Effects of peripheral and central chemoreflex activation on the isopnoeic rating of breathing in exercising humans

J Physiol. 1989 Apr:411:27-43. doi: 10.1113/jphysiol.1989.sp017557.


1. Respiratory sensation during exercise is generally considered to be related to respiratory mechanical factors which may be manifest as an abnormal relationship between the force applied to the lungs and chest wall and the resulting motion (if any); that is, a 'length-tension' inappropriateness (Campbell & Howell, 1963). This suggests that there should be a direct correlation between ventilation (VE) and the associated intensity of the perceived sensation, such that the sensation associated with a particular level of VE should remain essentially constant regardless of the source of respiratory stimulation. 2. In order to establish whether certain respiratory stimuli might be 'dyspnoeagenic' (i.e. capable of evoking an intensity of respiratory sensation out of proportion to their influence on VE), we investigated the influence of both peripheral chemoreflex activation (induced by isocapnic hypoxia) and central chemoreflex activation (induced by hypercapnic hyperoxia) on the intensity of respiratory sensation in seven healthy adults during moderate cycle ergometer exercise (i.e. below the lactate threshold, theta 1ac). 3. In each test, an 'isopnoea' was established for which a particular level of VE was sustained over a prolonged period (approximately 30 min) while the proportional contributions to the ventilatory drive from either exercise and the peripheral chemoreflex or from exercise and the central chemoreflex were slowly altered to new stable levels, without the subject's knowledge, VE, tidal volume, inspiratory and expiratory durations, mean inspiratory flow, and end-tidal PCO2 and PO2 (PET,CO2, PET,O2) were monitored breath-by-breath. The intensity of respiratory sensation was rated with a visual analogue scale. 4. Isopnoeic ratings of respiratory sensation were systematically greater for peripheral chemoreflex activation by isocapnic hypoxia during exercise at 50% theta 1ac (for which the degree of peripheral chemoreflex activation, estimated by hyperoxic transition or 'Dejours' testing, averaged approximately 23% of the total VE), compared to 90% theta 1ac during isocapnic hyperoxia. Ratings during exercise at 50% theta 1ac for central chemoreflex activation by hypercapnic hyperoxia were not systematically different from 90% theta 1ac during isocapnic hyperoxia, however. 5. As VE was stable throughout each isopnoea and the MVV (maximum voluntary ventilation) was uninfluenced by the test condition, the dyspnoea index (VE x 100/MVV) was not affected. Breathing pattern was also unaffected. 6. We conclude that in normal subjects exercising moderately, activation of the peripheral chemoreceptors by isocapnic hypoxia evokes an intensity of respiratory sensation which is out of proportion to that evoked by an isopnoeic stimulation of the central chemoreceptors with hypercapnic hyperoxia at the same level of exercise.(ABSTRACT TRUNCATED AT 400 WORDS)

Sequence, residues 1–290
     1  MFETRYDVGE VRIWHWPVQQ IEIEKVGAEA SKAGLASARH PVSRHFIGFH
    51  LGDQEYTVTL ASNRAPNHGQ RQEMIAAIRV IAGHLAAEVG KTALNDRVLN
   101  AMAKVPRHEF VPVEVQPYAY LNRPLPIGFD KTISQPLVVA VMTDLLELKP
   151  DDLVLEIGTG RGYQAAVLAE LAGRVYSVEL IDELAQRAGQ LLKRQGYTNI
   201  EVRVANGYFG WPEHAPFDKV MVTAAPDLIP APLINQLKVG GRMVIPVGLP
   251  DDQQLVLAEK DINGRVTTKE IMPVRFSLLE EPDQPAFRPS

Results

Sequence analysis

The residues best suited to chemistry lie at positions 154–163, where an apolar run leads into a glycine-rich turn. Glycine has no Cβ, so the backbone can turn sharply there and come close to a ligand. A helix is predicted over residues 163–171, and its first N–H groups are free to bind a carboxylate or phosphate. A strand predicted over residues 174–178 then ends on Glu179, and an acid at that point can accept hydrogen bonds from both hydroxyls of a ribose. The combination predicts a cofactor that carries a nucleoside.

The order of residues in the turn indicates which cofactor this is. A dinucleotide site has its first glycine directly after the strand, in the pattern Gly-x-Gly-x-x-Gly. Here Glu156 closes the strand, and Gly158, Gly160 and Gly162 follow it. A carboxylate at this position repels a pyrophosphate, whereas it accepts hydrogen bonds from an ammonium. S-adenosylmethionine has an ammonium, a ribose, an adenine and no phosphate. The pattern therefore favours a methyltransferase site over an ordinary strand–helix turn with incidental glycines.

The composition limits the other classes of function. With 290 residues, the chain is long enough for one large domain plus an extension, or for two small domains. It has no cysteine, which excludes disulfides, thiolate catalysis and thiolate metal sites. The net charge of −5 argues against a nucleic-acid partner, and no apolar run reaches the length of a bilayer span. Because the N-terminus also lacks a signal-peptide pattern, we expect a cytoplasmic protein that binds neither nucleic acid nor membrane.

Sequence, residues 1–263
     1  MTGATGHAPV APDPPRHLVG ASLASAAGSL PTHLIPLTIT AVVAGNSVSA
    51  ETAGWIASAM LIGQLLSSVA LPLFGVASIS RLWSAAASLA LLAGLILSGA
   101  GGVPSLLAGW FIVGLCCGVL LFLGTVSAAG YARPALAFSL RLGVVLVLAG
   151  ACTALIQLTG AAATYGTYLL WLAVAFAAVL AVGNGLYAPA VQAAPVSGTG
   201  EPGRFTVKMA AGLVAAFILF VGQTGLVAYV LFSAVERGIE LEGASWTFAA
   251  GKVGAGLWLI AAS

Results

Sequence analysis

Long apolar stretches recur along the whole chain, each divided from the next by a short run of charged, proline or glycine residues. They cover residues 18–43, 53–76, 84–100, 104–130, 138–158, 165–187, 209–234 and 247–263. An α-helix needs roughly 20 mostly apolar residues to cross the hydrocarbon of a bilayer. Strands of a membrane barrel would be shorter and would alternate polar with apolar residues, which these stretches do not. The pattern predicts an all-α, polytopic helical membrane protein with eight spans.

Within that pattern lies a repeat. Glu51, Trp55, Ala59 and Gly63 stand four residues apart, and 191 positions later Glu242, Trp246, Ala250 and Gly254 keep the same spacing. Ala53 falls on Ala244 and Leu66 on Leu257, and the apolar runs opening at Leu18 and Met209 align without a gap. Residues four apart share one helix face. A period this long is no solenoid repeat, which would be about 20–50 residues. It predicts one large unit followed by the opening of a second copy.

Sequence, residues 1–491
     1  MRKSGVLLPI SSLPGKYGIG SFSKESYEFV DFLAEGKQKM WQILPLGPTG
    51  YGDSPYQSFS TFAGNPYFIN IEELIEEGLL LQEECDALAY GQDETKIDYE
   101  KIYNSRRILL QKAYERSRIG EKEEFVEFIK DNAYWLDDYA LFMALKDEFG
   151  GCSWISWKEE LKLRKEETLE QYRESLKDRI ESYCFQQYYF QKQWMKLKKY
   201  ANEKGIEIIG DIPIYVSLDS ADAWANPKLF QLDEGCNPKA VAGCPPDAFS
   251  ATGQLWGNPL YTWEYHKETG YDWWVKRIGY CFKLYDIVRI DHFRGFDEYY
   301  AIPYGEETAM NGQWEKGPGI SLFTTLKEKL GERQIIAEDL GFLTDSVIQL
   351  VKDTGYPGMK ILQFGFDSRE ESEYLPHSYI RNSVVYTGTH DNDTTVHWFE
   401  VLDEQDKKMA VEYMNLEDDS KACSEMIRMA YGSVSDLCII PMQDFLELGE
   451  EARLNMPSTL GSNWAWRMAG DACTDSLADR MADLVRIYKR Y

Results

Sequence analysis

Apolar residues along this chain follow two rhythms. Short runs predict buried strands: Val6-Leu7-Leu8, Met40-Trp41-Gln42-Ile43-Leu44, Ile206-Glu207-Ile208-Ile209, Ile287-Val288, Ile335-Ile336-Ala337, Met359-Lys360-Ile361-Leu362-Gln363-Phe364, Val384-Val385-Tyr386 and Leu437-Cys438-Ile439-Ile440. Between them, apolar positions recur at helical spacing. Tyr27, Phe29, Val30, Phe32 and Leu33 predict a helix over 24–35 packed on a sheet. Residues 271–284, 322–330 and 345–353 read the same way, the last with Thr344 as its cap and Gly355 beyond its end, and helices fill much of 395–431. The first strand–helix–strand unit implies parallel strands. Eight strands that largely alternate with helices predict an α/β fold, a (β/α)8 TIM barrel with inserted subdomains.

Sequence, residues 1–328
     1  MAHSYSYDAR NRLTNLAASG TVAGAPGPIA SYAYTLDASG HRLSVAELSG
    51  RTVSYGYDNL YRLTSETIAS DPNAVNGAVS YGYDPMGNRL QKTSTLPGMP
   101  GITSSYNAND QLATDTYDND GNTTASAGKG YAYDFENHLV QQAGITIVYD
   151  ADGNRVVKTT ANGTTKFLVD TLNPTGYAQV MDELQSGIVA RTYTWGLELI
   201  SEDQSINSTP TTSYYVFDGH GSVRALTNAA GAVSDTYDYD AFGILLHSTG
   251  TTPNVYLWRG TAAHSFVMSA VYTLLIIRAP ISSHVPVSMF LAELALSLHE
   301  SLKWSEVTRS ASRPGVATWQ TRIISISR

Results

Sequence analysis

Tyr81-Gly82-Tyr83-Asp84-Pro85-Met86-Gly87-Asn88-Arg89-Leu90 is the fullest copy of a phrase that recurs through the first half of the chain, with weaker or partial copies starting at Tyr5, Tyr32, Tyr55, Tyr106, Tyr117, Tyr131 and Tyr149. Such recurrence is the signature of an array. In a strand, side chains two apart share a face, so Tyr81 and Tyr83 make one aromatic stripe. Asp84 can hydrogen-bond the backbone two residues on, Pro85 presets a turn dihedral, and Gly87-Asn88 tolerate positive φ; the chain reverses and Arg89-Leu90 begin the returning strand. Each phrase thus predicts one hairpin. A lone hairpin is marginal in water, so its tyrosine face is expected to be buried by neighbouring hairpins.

MeSH terms

  • Adult
  • Carbon Dioxide / blood
  • Carotid Body / physiology
  • Chemoreceptor Cells / physiology*
  • Exercise*
  • Female
  • Humans
  • Male
  • Oxygen / blood
  • Reflex / physiology*
  • Respiration*
  • Time Factors


  • Carbon Dioxide
  • Oxygen